Equitation scientists believe humans should not train horses through dominance. And recent study results suggest horses can—and do—distinguish between dominant and submissive postures in humans.
Guess which one they prefer?
Submissive postures, hands down, said Leanne Proops, PhD, who conducted a study on the topic with colleagues from the University of Sussex Mammal Vocal Communication and Cognition Research group and the University of Portsmouth, both in the U.K.
But Proops said she’s careful not to suggest that her study proves we should show “dominance” or “submissiveness” when working with our horses. Rather, she said, it proves something even more critical: that horses pick up on the difference.
“Horses are keenly tuned in to our body language all the time, as our study underlines,” Proops said. “If we are sensitive to the messages we communicate with our body language and pay attention to how horses respond to these cues, this in itself will help us to establish good relationships with our horses.”
In their study, Proops and her fellow researchers designed a test for 30 riding horses focusing specifically on dominant or submissive posture in humans. To do so, they had to eliminate all other factors that might influence the horses. So they worked with 10 female handlers, all about the same size and body shape and all dressed alike in jeans and dark jackets. They also all wore black neck warmers up to above their noses to mask as many facial expressions as possible. The horses did not know these women prior to the experiment.
They first had each individual horse go into an arena with two of these women standing neutrally, facing each other, ignoring the horse, and holding a carrot. That way, Proops said, the horse would have some kind of motivation to approach the humans in the second part of the experiment.
Once the horse understood he might get a carrot from one of these women, the researchers started Phase 2. In this phase, two of the women stood a few feet apart from each other. One would take on a “dominant” posture: standing tall with legs shoulder-length apart, arms held out to the side, and chest puffed out. The other would take on a “submissive” posture: legs together, crouching slightly, arms tucked in. A third handler would release the horse into the arena. Once it approached one of the two women, the third handler would lead the horse away, walk it in a figure-eight (to reduce the chance that the horse starts to prefer the human on one side or another, as previous research has shown), and release it again.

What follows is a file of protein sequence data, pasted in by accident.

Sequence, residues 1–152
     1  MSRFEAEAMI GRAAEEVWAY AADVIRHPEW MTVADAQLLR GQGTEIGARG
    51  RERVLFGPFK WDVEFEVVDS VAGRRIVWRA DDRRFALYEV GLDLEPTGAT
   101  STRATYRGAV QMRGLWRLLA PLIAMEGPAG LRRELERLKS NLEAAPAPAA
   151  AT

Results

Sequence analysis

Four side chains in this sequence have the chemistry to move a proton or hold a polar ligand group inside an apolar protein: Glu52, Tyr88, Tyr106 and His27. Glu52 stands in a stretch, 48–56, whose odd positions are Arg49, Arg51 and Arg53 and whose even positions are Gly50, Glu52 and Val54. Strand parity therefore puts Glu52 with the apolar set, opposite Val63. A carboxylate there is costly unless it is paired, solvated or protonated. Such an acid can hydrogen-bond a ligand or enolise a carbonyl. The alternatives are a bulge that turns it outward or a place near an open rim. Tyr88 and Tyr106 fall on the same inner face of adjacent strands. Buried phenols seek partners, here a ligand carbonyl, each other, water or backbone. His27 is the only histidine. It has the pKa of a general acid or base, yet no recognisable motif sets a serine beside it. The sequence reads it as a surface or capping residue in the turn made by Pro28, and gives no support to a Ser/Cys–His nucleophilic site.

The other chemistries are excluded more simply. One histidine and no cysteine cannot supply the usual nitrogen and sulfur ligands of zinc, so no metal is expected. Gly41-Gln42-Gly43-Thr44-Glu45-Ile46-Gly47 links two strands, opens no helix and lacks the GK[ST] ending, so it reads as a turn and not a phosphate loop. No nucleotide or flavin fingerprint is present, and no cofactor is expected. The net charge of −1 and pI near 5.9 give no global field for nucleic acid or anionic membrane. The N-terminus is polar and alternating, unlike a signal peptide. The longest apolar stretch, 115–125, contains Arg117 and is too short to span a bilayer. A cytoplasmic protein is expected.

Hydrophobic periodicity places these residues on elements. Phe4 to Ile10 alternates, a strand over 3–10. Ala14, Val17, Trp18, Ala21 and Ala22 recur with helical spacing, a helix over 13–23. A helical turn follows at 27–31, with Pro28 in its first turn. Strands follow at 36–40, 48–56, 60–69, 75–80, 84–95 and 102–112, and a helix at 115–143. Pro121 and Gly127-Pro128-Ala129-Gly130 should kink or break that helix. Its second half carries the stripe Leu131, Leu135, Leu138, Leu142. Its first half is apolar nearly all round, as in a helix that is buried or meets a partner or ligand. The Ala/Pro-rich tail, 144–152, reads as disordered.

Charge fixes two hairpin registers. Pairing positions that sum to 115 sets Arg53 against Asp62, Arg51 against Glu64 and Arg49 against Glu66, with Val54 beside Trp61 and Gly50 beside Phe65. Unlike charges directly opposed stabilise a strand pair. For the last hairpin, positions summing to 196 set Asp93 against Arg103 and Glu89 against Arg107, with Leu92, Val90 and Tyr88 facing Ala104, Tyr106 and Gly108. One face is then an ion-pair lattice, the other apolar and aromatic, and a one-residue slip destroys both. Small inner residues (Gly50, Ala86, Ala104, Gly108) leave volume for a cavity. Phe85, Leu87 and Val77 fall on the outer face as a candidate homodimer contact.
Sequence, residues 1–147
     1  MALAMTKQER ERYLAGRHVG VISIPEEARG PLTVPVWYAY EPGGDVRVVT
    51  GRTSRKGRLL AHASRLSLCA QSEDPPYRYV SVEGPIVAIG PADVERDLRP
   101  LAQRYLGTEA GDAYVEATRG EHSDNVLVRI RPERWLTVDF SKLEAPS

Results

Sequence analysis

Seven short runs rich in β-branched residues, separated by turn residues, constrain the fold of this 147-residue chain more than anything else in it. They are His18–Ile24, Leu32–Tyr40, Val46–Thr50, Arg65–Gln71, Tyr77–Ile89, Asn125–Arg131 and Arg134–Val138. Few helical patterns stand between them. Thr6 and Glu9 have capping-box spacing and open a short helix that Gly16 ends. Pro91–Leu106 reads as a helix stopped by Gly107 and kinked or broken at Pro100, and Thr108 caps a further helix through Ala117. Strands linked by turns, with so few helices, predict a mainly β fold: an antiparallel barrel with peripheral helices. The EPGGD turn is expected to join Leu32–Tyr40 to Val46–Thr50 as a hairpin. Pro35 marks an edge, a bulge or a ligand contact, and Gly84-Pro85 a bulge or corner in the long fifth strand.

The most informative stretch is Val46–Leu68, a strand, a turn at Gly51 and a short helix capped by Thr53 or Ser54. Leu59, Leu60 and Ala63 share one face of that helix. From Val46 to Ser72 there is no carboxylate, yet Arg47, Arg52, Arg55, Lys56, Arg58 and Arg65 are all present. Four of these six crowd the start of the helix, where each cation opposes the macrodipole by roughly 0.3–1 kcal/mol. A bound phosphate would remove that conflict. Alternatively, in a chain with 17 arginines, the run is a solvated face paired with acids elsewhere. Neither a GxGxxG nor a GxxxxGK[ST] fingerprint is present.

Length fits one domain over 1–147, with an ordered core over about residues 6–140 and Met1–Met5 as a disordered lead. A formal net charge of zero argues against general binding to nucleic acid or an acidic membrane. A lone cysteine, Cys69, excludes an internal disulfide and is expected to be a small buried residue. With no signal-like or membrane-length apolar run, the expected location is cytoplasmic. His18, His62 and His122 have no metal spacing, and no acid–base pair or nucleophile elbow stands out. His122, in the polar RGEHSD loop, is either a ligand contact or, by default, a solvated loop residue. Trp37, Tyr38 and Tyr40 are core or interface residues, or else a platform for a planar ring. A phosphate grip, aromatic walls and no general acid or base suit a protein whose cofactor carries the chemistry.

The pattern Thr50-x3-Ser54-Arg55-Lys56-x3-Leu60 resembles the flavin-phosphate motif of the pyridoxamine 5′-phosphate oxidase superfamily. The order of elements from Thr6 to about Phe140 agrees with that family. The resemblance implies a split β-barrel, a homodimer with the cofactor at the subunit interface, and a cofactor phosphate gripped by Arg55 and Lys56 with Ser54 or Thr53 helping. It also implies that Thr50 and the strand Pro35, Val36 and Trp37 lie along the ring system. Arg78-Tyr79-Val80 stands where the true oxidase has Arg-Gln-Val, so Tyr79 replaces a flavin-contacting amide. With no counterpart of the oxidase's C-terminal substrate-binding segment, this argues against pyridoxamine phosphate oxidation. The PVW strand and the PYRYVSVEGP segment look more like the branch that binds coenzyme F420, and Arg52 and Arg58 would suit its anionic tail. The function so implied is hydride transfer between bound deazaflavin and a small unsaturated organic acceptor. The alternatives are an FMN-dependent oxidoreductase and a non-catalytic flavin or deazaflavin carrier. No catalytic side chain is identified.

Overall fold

To reduce the chance that a horse preferred a single handler, the women switched places, sides, and postures several times throughout the study.
The researchers found that, across the board, the horses showed a strong preference for submissive handlers, Proops said. They approached them more frequently, and not a single horse in the group showed an overall preference for the dominant handler.
“It could be that submissive individuals are less threatening, and so it would be less risky to approach a submissive than a dominant individual, particularly in the context of food provision,” Proops said.
In other situations, however, it’s possible that horses might react differently, she added.
“It is highly likely that horses (and other species) prefer to be in the company of submissive individuals in some contexts and dominant individuals in others,” she said. “For example, horses may avoid eating in close proximity to dominant individuals for fear of aggression, but they may choose to be near dominant individuals when their group is threatened by another group. Studies have also shown that horses learn more readily from dominant group members, for example.”
Hence, at this stage, it’s impossible to say whether one position is “better” or “worse” than the other, based on the study results. And that’s especially true when it comes to training.
“Successful relationships between horses and people are likely to depend on the context and the individuals involved,” Proops said. “And there is a big difference between showing confidence, being dominant, or being threatening.
“We can’t be sure how the horses in our study interpreted the dominant posture of the unknown people in our study, but it may be that different results are seen when familiar people or different contexts are used,” she continued. “It would be interesting to find out.”
The study, “Domestic horses (Equus caballus) prefer to approach humans displaying a submissive body posture rather than a dominant body posture,” was published in Animal Cognition.